During my late teens, I decided to be a tomboy.

I became fed up with femininity and all its requirements of what to wear, how to act and how to be that I decided to jump ship and become one of the boys.


Growing up, I always admired tomboys because they seemed to exude a confidence and a no-nonsense attitude that was quite different from the girl way of life. They were not tied down by the confines of dresses and skirts, and because they were one of the boys, they were liked because of their personality and not necessarily their looks. I guess I was also wanted a break from my femininity attracting male attention, especially unsolicited attention from cat callers.

I swapped my dresses, skirts and pretty sandals for baggy shorts, jeans and t-shirts complete with the coolest collection of sneakers. I cut my long hair for an edgier short hair look, which by the way was a great make-over as I looked stunning with short hair.

Now that my boy look was in place, I started hanging out more with my guys friends in a bid to immerse myself in their world. I wanted to see the world from their perspective and absorb their headstrong attitude. I wanted to learn how to minimize emotion in everything I did and use more logic, as I had gathered from spending time with my male friends.

I learned that me fearlessly go after what they want after they’ve made their mind up, and they’re also not afraid to stand up for themselves, which are two things I was lacking in my character. I learned not to judge myself too harshly as my male buddies were only concerned about me as a person and didn’t care much for my insecurities.

They saw me as a cool chick because I wasn’t the typical 21-year-old girl who was concerned about her nails and hair and pleasing her boyfriend. They said that it felt great to just hang out with a girl without anyone being coerced to put their best foot forward, and I was happy that I could provide that emotional platform.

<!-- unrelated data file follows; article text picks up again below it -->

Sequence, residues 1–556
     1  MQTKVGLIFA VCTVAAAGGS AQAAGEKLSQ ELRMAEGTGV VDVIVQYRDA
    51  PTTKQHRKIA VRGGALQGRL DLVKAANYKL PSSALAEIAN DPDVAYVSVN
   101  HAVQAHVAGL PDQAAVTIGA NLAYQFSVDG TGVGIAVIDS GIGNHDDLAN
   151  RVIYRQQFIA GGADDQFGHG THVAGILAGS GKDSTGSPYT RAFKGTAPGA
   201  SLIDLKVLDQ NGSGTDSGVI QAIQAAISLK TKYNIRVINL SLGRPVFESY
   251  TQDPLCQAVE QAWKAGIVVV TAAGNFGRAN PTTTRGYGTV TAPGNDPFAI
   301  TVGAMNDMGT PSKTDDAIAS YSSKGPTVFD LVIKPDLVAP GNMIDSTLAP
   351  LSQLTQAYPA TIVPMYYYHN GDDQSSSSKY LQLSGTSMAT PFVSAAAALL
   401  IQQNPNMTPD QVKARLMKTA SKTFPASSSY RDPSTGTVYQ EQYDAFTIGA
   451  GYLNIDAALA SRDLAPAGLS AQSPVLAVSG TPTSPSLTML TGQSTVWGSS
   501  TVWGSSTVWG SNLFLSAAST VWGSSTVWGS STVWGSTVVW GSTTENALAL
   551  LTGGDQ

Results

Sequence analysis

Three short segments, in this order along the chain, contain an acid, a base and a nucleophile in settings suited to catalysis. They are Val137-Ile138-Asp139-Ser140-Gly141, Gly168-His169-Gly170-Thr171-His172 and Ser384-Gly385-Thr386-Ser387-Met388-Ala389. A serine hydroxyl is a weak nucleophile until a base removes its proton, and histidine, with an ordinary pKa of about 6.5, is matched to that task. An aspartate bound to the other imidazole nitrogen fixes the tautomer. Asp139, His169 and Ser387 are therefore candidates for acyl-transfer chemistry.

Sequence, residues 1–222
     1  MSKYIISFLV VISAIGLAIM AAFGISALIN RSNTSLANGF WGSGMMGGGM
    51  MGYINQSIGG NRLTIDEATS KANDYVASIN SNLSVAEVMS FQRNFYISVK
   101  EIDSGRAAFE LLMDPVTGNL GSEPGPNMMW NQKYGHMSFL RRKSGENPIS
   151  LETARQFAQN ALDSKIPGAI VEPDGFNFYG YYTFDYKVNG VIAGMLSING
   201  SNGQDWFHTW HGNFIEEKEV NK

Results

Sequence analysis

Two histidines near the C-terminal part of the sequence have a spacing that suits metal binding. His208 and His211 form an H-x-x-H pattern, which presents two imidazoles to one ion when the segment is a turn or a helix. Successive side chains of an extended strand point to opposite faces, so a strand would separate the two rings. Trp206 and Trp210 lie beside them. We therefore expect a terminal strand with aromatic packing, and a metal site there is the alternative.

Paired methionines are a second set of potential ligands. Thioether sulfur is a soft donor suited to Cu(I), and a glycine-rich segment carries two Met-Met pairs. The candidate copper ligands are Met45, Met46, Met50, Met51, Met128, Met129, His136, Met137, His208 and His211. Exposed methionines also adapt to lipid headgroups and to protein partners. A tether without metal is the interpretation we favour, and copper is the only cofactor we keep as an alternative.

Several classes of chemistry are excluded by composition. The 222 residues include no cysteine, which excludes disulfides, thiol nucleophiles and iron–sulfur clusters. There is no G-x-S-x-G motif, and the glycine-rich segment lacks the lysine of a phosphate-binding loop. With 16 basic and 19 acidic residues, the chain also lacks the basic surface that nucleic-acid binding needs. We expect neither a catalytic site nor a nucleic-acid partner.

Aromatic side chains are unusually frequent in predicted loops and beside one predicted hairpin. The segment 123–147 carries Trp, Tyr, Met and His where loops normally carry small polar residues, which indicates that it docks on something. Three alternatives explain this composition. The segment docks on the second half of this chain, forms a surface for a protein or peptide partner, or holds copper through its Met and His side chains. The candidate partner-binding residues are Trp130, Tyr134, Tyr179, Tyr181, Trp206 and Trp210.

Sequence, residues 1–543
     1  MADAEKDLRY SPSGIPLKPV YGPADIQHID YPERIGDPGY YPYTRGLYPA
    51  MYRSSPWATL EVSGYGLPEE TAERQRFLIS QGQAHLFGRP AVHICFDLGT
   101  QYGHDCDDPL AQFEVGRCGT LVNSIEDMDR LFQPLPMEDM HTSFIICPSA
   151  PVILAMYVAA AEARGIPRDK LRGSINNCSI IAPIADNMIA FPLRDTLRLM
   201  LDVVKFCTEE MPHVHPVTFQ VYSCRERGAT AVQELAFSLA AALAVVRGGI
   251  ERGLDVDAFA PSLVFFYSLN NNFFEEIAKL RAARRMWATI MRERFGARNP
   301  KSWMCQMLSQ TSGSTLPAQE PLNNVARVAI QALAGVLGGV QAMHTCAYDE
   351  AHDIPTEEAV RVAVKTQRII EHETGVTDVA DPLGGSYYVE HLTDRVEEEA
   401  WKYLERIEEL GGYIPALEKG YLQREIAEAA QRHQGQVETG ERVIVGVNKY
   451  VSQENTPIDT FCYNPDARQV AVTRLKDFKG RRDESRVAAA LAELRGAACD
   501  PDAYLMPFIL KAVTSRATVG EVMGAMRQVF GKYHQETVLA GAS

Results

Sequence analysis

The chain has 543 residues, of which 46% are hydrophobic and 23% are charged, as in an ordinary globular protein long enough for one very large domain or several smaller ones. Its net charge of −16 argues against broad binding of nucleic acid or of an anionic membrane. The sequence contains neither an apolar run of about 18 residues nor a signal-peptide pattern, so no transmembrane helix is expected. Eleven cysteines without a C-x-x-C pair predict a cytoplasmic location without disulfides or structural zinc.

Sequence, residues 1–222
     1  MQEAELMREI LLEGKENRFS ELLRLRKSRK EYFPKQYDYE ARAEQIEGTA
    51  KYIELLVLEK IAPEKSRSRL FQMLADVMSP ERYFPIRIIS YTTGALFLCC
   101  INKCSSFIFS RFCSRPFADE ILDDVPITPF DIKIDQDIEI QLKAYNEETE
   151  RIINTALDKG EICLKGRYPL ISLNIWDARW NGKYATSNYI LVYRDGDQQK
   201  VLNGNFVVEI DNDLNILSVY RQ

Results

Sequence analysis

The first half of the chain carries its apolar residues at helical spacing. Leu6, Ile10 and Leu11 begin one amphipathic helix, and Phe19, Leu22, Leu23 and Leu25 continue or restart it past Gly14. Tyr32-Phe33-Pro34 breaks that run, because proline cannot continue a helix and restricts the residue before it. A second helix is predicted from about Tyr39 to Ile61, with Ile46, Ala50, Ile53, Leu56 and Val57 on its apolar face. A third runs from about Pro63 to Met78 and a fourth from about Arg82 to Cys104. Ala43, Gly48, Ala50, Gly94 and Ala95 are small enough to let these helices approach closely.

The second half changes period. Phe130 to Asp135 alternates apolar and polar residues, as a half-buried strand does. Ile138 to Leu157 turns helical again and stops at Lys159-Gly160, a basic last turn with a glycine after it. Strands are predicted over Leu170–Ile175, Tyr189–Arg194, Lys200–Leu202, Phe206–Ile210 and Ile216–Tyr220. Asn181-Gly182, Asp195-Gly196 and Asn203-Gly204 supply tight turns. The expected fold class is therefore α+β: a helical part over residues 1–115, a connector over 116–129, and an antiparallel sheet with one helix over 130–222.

But, I was always a girl.

I could never fully be part of the boys. They would never fully include me in sleepovers or intimate conversations about their love lives, or discuss their deepest darkest secrets with me because I was not a boy. Different relationships serve different purposes and have their own unique place, and as a female friend to males, I had a place that was different from a male to male friendship, and it was impossible for me to replace that bond or even understand it.

The very thing that I was running away from is what they appreciated about me in their own unique way, and without fully realizing it, that is what I offered – my femininity.

So perhaps femininity is not about wearing skirts, sandals and make-up and being treated as a damsel in distress. Perhaps femininity is a social thing that’s attached to being a woman, and the best definition of it is being true to yourself as a woman and living out who are you as opposed to conforming to social constructs of what you’re meant to be.

Now that I’ve embraced and accepted the fact that I’m a woman, I wear skirts from time to time and I have great friendships with both men and women. I’ve kept my short hair because I look good with it, and I still rock my sneakers because they’re comfortable and dope 🙂

*image from Billboard.

*Dailypost WordPress.



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